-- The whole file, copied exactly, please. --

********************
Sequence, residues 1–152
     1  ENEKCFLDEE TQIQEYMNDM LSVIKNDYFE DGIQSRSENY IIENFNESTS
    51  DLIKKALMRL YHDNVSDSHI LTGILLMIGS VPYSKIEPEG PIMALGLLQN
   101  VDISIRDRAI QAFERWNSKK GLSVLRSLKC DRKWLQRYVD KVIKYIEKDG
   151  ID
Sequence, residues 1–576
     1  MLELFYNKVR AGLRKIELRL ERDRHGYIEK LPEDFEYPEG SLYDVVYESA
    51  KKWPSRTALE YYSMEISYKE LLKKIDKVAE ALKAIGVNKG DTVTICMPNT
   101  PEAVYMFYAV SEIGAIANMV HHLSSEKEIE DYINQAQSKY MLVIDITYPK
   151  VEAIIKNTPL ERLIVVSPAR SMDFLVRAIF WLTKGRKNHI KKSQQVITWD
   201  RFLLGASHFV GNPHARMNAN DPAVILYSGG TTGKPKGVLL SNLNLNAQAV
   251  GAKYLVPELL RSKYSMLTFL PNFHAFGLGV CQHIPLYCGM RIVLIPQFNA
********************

Sequence, residues 1–152
     1  ENEKCFLDEE TQIQEYMNDM LSVIKNDYFE DGIQSRSENY IIENFNESTS
    51  DLIKKALMRL YHDNVSDSHI LTGILLMIGS VPYSKIEPEG PIMALGLLQN
   101  VDISIRDRAI QAFERWNSKK GLSVLRSLKC DRKWLQRYVD KVIKYIEKDG
   151  ID
Sequence, residues 1–576
     1  MLELFYNKVR AGLRKIELRL ERDRHGYIEK LPEDFEYPEG SLYDVVYESA
    51  KKWPSRTALE YYSMEISYKE LLKKIDKVAE ALKAIGVNKG DTVTICMPNT
   101  PEAVYMFYAV SEIGAIANMV HHLSSEKEIE DYINQAQSKY MLVIDITYPK
   151  VEAIIKNTPL ERLIVVSPAR SMDFLVRAIF WLTKGRKNHI KKSQQVITWD
   201  RFLLGASHFV GNPHARMNAN DPAVILYSGG TTGKPKGVLL SNLNLNAQAV
   251  GAKYLVPELL RSKYSMLTFL PNFHAFGLGV CQHIPLYCGM RIVLIPQFNA